was a 12,531 gross ton vessel built in 1901 by Harland & Wolff, Belfast
for the Dutch company, Holland America Line. Her details were - - length
550.3ft x beam 62.3ft, one funnel, two masts, twin screw and a speed of
15 knots. There was accommodation for 286-1st, 292-2nd and 1,800-3rd class
passengers. Launched on 28/9/1901, she sailed from Rotterdam on her maiden
voyage to New York on 1/5/1902. On 17/10/1914 she was damaged by a mine
in the North Sea, but repaired and resumed sailing on 26/3/1915. On 3/8/1917
she was again
damaged by a mine and was then laid up for the duration of the war. She
resumed service between Rotterdam, Plymouth, Brest and New York on 9/3/1919,
and commenced her last voyage between Rotterdam and New York on 24/1/1923.
She then went to the Swedish America Line, who refitted her to carry 478-cabin
class and 1,800-3rd class passengers and renamed her "Kungsholm".
On 15/3/1923 she started sailings between Gothenburg and New York, and
on 7/11/1924 between Gothenburg, Halifax
and New York.
On 6/10/1926 she went
back to her previous name of "Noordam" and resumed sailing between
Rotterdam and New York and in December of that year, became a third class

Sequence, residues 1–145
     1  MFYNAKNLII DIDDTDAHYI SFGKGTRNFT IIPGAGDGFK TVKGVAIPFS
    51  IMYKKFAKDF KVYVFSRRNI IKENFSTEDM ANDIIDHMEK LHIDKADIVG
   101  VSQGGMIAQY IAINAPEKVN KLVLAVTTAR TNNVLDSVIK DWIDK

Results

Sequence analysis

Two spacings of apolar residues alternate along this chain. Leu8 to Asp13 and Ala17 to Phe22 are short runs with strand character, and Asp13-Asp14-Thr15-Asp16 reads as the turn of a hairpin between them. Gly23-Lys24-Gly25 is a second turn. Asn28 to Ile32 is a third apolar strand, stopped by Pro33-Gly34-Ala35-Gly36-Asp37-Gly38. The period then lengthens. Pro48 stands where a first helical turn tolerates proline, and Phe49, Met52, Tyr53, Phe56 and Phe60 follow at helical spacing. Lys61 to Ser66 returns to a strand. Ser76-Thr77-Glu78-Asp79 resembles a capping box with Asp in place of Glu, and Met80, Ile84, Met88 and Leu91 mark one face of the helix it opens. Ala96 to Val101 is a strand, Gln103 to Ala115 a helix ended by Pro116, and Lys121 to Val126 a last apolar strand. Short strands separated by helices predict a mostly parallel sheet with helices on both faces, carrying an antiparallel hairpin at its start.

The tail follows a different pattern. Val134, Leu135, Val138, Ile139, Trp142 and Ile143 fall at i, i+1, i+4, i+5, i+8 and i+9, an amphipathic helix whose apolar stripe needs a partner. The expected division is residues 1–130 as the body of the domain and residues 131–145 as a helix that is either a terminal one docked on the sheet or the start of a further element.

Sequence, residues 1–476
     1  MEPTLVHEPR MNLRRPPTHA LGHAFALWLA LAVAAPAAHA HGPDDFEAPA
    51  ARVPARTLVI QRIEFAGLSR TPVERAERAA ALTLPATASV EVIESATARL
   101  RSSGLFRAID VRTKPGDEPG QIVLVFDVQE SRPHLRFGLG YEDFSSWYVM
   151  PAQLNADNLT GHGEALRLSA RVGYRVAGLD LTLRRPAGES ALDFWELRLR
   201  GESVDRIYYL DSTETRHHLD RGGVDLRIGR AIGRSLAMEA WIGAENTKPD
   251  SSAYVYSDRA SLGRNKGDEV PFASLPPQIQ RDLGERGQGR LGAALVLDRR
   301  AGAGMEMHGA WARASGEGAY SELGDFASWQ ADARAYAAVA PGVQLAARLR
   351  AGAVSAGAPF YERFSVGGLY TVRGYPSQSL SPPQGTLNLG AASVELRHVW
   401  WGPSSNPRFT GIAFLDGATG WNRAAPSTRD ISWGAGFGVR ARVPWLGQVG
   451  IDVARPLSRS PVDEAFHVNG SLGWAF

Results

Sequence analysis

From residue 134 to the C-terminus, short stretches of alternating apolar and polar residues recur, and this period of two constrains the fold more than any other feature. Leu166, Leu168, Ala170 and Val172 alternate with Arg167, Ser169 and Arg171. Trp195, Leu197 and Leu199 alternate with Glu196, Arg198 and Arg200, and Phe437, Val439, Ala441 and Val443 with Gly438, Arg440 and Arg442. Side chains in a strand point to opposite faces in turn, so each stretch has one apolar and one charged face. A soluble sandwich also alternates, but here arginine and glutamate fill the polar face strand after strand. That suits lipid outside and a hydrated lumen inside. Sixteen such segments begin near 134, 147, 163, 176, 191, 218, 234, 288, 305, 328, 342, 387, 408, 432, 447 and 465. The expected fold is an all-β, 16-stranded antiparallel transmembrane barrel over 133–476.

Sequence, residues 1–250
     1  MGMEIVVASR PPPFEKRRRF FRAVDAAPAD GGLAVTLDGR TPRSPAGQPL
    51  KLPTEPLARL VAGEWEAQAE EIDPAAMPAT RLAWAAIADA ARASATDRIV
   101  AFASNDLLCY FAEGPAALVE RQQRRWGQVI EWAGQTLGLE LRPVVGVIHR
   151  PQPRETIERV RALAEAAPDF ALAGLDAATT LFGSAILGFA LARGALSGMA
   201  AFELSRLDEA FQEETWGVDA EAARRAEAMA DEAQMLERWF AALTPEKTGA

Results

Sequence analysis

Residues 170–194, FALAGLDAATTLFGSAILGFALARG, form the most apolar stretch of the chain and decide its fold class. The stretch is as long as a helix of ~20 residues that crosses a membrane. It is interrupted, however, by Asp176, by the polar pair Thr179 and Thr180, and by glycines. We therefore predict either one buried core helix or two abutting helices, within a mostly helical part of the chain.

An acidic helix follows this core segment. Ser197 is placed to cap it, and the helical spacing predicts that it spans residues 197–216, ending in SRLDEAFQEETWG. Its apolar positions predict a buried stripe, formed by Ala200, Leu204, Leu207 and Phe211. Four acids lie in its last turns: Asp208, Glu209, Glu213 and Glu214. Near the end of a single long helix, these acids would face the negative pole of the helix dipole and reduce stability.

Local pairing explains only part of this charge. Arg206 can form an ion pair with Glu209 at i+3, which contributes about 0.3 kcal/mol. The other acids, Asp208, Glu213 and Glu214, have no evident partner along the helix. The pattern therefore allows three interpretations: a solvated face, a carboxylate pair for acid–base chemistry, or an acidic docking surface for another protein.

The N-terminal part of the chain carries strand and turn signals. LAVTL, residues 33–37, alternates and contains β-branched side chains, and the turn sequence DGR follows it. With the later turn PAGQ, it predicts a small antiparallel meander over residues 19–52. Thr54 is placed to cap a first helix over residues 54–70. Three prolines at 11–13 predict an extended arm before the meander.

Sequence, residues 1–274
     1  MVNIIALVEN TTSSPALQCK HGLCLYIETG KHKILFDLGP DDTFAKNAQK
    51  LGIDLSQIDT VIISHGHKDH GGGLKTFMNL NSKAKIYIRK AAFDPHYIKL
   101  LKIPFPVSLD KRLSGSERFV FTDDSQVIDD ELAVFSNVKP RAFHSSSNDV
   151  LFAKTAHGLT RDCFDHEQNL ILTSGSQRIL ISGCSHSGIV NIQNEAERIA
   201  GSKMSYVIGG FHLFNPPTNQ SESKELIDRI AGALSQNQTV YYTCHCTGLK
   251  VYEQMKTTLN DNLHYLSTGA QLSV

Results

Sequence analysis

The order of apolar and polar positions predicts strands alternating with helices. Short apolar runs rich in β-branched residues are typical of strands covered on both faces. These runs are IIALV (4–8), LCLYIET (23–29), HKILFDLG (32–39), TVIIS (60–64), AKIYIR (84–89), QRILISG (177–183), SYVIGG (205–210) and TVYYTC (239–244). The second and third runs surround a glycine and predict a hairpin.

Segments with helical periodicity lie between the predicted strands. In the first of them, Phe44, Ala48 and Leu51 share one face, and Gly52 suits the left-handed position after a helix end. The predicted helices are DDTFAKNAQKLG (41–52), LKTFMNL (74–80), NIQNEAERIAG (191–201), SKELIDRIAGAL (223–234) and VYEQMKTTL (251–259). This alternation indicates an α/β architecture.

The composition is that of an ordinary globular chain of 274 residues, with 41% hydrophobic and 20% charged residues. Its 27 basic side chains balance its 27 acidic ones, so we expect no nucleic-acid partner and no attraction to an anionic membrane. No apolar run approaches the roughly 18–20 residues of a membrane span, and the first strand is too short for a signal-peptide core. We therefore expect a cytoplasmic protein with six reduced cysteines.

passenger ship only. She commenced her last voyage on this service on
16/4/1927, was then sold and scrapped at Hendrik Ido Ambacht (The Netherlands)
S. S. LUSITANIA
or "Queen of the Seas" as her advertising brochure portrayed
her, was the pride of the Cunard line along with her sister Mauretania.
She held the Blue Riband for being the fastest ship on the Atlantic run.
At 785 feet, she was 5 feet short of her sister who was 790 feet long.
Both her and her sister had a displacement of about 40,000 tons. Both
ships were powered by the largest and most powerful marine steam turbines
and driven by four props. All this power gave both ships a speed in excess
of 25 knots, and with a capacity of over 2000 passengers and about 850
crew were fine ships indeed. One way you could tell the two sisters apart
was by the difference in the vents. The Lusitania's looked like oil drums
with a vent that opened on top, where the vent on the Mauretania were
curved at 90 degress at the top with a circular opening.
Her keel was laid in Scotland's Clydebank on June 16th 1904. The Lusitania
was the first of the two to be launched on June 6th, 1906. Unlike the
White Star Line, Cunard did christen her ships, and while 20,000 spectators
looked on she was launched. The owners and builders were sure that the
two sisters would capture the Blue Riband for Britain from Germany.
About one year later the Lusitania was finished, and only required her
sea trials before Cunard was to take ownership. There was a big problem
though. It was found that at high speed her stern vibrated very violently.
Investigation showed they had no choice but to remove an entire section
including over 140 second class cabins. Extra pillars, brackets, strengthening
or any form of bracing was used to repair the fault. These modifications
took well over a month and were very costly.
Finally in September 7th, 1907 she set of on her maiden voyage to New